The big story last week was the return of HR 1162, the charter school amendment. It had been defeated in a floor vote a couple of weeks ago but remained alive because a motion to reconsider was adopted. This time it passed by a three vote margin and now heads to the Senate.
Since I wrote in some detail about this legislation previously, I will not do so again here. Changes were made to the bill in the interim, but the basic problem remains the same. This would allow the state to create a charter school then divert funding from the local school district to the charter school. The local school board would then be faced with the choice of making cuts to offset this loss of funding or raising local property taxes to fill the gap.
As I have said all along, I have no problem with charter schools and think they can serve a legitimate and useful role in our education system. However, I cannot support creating them in a way that penalizes the students in our public schools by further depriving them of resources. The blunt reality is this: no matter how many ways we as a state create to try to shift students from our public schools, from a statewide perspective none of them will ever affect more than a relative handful of students. Thus, the overwhelming majority of our students will still be attending our traditional public schools. This means that if we are to make real improvements in our education system, we must put our focus on the overwhelming majority instead of the relative handful. Legislation like HR 1162, in my view, takes us in the opposite direction.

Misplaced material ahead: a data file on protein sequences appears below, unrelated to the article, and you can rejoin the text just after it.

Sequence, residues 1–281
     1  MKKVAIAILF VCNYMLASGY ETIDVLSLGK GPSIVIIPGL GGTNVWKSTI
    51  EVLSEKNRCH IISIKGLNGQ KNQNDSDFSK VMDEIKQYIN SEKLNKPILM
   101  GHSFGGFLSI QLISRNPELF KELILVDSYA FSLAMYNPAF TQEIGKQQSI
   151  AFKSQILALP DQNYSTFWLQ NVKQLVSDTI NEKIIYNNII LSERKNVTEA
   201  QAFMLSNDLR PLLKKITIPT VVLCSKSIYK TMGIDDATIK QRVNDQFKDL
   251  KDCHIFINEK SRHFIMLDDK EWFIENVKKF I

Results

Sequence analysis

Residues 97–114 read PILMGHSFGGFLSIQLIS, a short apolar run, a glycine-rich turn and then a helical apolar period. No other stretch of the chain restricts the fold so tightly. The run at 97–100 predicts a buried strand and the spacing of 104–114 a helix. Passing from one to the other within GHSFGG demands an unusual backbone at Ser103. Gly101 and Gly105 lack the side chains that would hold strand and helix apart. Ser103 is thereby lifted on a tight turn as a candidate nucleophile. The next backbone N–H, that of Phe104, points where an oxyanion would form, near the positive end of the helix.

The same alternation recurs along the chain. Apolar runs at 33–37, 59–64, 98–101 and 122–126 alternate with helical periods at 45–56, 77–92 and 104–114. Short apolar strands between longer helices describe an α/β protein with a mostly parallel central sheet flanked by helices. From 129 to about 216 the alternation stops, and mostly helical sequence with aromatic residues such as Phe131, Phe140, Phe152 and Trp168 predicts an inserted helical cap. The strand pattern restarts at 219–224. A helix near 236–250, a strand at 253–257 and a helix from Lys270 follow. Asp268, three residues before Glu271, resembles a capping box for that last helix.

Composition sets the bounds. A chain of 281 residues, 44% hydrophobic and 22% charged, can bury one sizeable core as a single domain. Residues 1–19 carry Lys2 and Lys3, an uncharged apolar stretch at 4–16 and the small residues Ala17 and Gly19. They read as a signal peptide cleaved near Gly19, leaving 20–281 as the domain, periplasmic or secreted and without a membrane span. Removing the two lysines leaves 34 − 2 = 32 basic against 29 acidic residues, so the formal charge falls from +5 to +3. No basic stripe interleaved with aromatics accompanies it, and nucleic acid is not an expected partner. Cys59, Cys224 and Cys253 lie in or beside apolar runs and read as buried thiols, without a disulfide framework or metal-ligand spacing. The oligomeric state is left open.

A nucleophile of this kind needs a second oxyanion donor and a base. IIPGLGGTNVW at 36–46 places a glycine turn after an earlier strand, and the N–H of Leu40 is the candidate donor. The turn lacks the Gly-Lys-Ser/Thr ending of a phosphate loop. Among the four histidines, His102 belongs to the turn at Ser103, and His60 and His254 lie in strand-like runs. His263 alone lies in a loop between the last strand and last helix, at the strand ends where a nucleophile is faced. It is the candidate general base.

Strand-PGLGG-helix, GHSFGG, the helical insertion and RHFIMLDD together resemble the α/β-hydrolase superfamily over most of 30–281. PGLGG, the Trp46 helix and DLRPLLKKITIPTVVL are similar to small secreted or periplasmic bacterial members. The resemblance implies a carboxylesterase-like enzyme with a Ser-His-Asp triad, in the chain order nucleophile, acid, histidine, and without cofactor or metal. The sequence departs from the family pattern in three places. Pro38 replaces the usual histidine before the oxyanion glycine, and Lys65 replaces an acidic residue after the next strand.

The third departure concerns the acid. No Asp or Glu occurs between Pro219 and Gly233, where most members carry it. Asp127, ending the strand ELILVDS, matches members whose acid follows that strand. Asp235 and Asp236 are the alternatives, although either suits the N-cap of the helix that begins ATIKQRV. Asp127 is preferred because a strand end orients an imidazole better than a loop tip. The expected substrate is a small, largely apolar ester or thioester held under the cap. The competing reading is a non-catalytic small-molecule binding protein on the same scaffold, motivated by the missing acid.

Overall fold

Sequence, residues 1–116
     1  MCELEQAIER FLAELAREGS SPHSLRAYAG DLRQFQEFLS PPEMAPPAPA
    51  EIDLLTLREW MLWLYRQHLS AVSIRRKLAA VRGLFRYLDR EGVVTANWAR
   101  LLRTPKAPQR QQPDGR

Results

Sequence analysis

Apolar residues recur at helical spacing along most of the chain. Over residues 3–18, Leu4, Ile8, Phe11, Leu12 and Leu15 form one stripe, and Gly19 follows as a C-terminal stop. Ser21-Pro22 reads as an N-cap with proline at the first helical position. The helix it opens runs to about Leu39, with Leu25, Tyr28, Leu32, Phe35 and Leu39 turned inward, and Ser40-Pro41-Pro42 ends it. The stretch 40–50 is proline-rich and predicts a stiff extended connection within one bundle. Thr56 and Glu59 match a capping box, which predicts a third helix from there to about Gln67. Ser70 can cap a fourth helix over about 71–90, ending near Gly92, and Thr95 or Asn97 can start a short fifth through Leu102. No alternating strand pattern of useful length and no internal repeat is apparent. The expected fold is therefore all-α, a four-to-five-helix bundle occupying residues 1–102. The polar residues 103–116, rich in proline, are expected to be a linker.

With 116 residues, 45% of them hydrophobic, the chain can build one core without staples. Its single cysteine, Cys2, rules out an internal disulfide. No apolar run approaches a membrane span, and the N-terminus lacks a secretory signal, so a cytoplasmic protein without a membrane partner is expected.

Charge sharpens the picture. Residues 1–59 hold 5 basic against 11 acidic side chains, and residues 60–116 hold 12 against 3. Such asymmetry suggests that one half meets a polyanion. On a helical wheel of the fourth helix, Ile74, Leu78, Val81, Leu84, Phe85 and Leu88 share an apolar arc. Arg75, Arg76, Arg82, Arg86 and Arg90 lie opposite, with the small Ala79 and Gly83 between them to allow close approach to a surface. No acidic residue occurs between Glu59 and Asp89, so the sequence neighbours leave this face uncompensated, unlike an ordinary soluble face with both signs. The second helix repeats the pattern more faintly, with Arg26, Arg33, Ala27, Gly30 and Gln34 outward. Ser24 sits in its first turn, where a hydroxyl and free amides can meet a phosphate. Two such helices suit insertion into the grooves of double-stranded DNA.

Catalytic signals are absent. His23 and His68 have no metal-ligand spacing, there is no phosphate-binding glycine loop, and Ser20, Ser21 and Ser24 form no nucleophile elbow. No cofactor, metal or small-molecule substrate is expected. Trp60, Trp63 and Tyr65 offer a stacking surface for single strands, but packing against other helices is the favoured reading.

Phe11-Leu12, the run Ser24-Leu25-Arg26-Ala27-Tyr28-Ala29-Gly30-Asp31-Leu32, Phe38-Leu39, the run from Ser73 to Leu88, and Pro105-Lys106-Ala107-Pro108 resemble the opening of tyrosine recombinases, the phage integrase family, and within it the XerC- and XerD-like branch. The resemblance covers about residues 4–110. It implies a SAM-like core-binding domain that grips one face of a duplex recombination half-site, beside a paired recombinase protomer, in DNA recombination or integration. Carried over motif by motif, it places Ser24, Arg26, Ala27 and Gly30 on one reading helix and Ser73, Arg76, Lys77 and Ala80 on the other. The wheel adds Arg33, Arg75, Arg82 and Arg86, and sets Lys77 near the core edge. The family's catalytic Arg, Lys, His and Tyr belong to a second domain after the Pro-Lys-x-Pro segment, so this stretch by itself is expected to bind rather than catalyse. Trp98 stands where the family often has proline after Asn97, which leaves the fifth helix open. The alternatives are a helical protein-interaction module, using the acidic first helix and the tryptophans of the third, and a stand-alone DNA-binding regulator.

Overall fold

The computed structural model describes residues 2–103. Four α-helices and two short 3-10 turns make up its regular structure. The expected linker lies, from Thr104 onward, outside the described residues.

Other legislation voted on in the House last week included HB 875. This bill address the problem of various merchants obtaining mailing address and other contact information on persons who obtain hunting licenses, fishing licenses, and the like through the Department of Natural Resources. They do this by submitting requests for information through the state’s open records act. HB 875 addresses this by declaring that such contact information is not subject to open records requests. This bill passed overwhelmingly and now goes to the Senate.
Finally, HB 419 addresses the high number of foreclosures on homes in our state. Basically, this bill allows homeowners in foreclosure to pay all past due amounts plus any accrued expenses, including costs of the foreclosure, until five days prior to the foreclosure sale. If the homeowner is able to do this, the lender accepts those payments and the mortgage is reinstated. This allows the homeowners to keep their home and avoid foreclosure.
Obviously, this space does not allow me to include everything. If you have questions or concerns about these bills or other legislation, please let me know. Remember that you can read bills and see other information, including watching floor sessions and many committee meetings, by going to www.legis.ga.gov. You can reach me during session by sending an email to email@example.com or calling (404) 656-0265. As always, thank you for the honor of representing you in the Georgia House of Representatives.